For a number of reasons, ranging from academics to concerns over whether Arnason would succeed in Minnesota to his Canadian roots, Woog said, “Arnason, at that time, was probably not in our mix.”

The Big School
One coach who repeatedly laments the Gophers’ recruiting superiority is Minnesota-Duluth coach Mike Sertich. His us-vs.-them attitude — a mixture of one part disdain for the University, one part envy — is rooted in his belief that Duluth does not get the respect reserved for Minnesota.
“You’ve got nothing better to do today, so you’re going to pick on Duluth,” Sertich joked when asked about his uphill battle with the Gophers for recruits.
Sertich said Minnesota continues to attract some of the best high school players in the state, just not as many. Of the five WCHA coaches who were interviewed for this story, all said they would love to be in Minnesota’s position.
But how much validity goes with that when the best teams in the league — North Dakota and Colorado College — are winning with rosters stocked with USHL players and Canadians?
“Before, Minnesota would get the top nine or 10 high school players, now its the top six or seven,” Sertich said. “You just can’t get everyone that you did before. You’re not allowed to have an extended number of kids.”
Sertich also said the lack of a junior varsity team hurt Minnesota. Before it was eliminated in college hockey, Minnesota was able to keep about 35 players on its roster, and could develop these players. Not anymore.
Another factor in the Gophers’ recent demise is the early signing period. Prior to the early 1990s, schools were able to sign players as late as April of their senior years.
But now, the time to sign players is the early signing period in November of their senior years. The competition for the in-state players has become very tight, and the cloud of uncertainty that surrounds a high school player’s potential has grown.
“(The early signing period is) killing us,” Woog said. “You can’t measure the player’s physical development and the mental factor — those are the two big x-factors. You don’t know if he will continue to grow, and you don’t know how he’s going to handle it mentally.”
A Family Affair
Not all of the comments directed toward the hockey program have been negative.
There is still a rich tradition that has been built throughout the seasons, extending back to the days when Mariucci and Herb Brooks paced behind the bench.
One current player who said he still believes strongly in the Minnesota tradition is second generation Gopher, sophomore Erik Westrum.
His father, Pat, patrolled the blue line for Minnesota as a defensemen from 1968 to 1970.
“To grow up — ever since you were five and laced on your first pair of skates,” Erik Westrum said. “Your parents talk about Gopher hockey. I never even played with another team until I was 12 years old.”
Westrum’s brain was saturated with maroon and gold before he could tie his own skates, and that’s the way it is for many players in the state.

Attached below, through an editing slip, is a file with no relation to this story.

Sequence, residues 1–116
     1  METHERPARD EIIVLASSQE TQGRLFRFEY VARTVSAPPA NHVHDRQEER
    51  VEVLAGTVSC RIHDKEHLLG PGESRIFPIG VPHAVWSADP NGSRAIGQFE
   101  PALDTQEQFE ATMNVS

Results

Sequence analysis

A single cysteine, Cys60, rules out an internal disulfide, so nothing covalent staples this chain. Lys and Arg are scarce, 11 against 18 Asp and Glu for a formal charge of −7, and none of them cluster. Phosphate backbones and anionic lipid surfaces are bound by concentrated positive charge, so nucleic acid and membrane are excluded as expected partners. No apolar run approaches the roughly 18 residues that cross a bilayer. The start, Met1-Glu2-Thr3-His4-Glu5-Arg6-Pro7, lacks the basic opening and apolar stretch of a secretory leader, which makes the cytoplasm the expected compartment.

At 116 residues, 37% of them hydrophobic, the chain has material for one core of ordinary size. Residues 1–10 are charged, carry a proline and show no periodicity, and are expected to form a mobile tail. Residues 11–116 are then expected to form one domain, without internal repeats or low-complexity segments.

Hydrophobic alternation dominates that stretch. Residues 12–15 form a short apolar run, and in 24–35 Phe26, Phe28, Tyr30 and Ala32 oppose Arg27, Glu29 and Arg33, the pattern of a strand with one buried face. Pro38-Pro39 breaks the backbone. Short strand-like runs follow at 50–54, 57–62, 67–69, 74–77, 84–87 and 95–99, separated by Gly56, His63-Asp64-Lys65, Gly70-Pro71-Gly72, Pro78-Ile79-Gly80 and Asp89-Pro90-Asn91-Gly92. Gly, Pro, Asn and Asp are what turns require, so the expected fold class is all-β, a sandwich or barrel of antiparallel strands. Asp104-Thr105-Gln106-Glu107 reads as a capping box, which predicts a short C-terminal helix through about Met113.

Perhaps, he says, it’s time to abandon the “Pride on Ice” advertising strategy.
“(The critics) see the advertising of U of M hockey being all Minnesotans,” Westrum said. “And that’s just something that they took out for an ad. They overblow it. I know that when my brother (backup goaltender Ryan Westrum) was coming here, it wasn’t just because it was Minnesota, but it was because there is family here.”
The family factor is big, but the opinions of the alumni and blue-line clubs are also important. According to them, Minnesota should stick with the status quo.
“20-to-1, I hear, `Stay with the Minnesota guys,'” Woog said. “But rumors are like icebergs, you only need to see 10 percent of them. You would need to do a survey to get a correct opinion.”

Tradition vs. Trophies
Imagine walking into Mariucci Arena to see the top-ranked Gophers several years from now. Then the public address announcer says during the introductions, “Starting at forward, from Moose Jaw, Saskatchewan …”
“I think it would be strange (if non-Minnesotans were on the team),” Westrum said. “I don’t think there is anything wrong with a team that’s all Minnesotan.”
Would having a non-Minnesotan on the team seem strange, after so many years without one? Certainly. The first non-Minnesotan to cross into the state in about 15 years would have to be more than just physically tough, but mentally rock solid. He would suddenly become the most scrutinized man in the state.
But is the tradition so important that it should not be broken? Or is enough enough, and is it time to break ranks and find the great non-Minnesotan hope?
“The tradition has really been spun by me,” Woog said. “It’s a self-imposed situation, and it doesn’t have to be that way. We had a feeling that we can win it, and we were close to it with Minnesota players for a number of years. Now I think it’s an issue that we have to get back to the level where we can compete for that.
“I hate to give up what we’re doing, but … I guess that’s where you can leave it, with a `but.’ We’re leaving it open.”